EPA 2022 Construction General Permit Update: What to Know

Permits require an inspection

Construction sites can be a massive source of pollutants and toxins that may leave public water sources vulnerable to pollution if not properly managed.

As a result, the EPA requires many construction sites to implement proper BMPs, such as developing a stormwater management plan and controls at discharge points to regulate the discharge of pollutant materials from a work site.

Under the EPA’s National Pollutant Discharge Elimination System (NPDES), construction sites of a specific size are legally required to obtain a Construction General Permit for any mandated construction activities.

In 2022, the EPA updated its guidelines for its Construction General Permit that you need to be aware of.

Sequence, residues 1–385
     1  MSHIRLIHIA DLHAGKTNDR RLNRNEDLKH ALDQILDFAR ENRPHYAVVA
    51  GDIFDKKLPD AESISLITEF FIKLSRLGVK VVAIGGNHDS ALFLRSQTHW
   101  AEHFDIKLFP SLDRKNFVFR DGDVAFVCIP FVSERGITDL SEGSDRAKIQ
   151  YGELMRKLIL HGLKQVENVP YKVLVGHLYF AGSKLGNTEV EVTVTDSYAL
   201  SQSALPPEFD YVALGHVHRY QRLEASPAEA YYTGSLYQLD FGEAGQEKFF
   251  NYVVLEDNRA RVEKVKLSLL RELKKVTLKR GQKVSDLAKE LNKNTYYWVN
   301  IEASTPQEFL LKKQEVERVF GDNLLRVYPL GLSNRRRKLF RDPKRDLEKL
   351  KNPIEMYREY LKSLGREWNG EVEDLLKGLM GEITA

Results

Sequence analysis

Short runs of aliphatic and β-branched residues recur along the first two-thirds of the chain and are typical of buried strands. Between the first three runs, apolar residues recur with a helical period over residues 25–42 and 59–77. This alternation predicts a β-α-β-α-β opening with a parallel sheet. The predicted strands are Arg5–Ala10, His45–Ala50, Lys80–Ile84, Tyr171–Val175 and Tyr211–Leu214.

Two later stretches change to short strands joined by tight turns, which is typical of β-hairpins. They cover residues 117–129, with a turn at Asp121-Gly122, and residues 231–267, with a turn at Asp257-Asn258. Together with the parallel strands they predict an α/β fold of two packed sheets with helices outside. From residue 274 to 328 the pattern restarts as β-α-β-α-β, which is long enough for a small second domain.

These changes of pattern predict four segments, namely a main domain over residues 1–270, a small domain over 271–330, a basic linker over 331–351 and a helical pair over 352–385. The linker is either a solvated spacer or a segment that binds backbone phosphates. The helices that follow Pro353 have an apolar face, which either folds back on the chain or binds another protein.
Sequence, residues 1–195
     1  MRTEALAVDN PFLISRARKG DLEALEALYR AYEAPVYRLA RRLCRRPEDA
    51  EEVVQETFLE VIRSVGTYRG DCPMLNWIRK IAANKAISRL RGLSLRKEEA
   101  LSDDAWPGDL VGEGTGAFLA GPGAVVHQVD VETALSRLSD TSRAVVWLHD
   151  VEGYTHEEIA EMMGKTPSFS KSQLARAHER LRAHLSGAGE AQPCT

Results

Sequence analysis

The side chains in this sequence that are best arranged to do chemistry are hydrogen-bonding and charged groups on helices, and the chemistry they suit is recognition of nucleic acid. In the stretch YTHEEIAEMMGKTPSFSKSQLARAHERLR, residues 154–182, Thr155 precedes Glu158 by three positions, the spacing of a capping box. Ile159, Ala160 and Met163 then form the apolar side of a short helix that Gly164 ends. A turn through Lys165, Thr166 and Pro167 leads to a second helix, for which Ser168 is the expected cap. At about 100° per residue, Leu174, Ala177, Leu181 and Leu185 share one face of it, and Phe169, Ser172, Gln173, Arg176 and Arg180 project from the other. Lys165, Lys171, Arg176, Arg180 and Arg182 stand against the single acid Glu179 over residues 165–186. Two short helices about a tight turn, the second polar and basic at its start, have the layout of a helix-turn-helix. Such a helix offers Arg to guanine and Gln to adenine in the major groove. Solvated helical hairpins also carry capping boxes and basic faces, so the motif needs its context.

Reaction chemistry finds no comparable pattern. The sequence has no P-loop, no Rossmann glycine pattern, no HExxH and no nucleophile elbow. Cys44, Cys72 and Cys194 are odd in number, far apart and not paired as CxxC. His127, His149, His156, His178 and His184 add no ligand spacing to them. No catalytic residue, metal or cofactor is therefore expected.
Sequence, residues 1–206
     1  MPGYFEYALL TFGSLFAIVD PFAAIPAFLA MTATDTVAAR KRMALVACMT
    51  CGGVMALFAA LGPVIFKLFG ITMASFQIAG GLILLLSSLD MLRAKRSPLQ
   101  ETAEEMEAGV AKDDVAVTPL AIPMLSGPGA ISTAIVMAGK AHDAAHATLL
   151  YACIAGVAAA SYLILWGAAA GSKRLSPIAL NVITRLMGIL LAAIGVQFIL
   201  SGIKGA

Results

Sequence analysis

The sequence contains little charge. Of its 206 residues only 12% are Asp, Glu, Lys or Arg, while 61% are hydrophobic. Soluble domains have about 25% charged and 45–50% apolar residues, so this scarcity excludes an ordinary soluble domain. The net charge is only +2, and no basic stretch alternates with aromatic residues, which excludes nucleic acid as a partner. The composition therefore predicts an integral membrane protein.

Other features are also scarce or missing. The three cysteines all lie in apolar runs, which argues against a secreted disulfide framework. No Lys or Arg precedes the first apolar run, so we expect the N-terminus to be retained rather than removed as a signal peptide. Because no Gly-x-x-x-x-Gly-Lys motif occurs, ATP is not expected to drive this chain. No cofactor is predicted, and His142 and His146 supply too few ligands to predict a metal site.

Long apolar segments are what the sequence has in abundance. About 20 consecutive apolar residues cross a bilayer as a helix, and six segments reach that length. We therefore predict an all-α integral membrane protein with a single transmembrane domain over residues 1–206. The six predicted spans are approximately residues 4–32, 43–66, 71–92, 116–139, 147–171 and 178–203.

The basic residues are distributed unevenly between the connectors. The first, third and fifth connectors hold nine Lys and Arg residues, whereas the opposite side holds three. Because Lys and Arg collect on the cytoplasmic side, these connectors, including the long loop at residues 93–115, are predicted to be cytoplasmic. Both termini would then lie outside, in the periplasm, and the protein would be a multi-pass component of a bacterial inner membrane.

What Is the EPA’s Construction General Permit?

Under the National Pollutant Discharge Elimination System (NPDES), any generalized construction activity that disturbs one or more acres of land or is part of a larger joint construction project must obtain a Construction General Permit to discharge waste into public waters.

The CGP is one permit under the NPDES program, which regulate several other industries, including industrial activities, oil and gas drilling, and transportation.

The NPDES system is authorized by the Clean Water Act of 1972 and requires all point source dischargers to obtain a proper permit before dumping toxic materials. The NPDES system is also designed to prevent stormwater runoff from construction zones and pollution of surrounding waterways.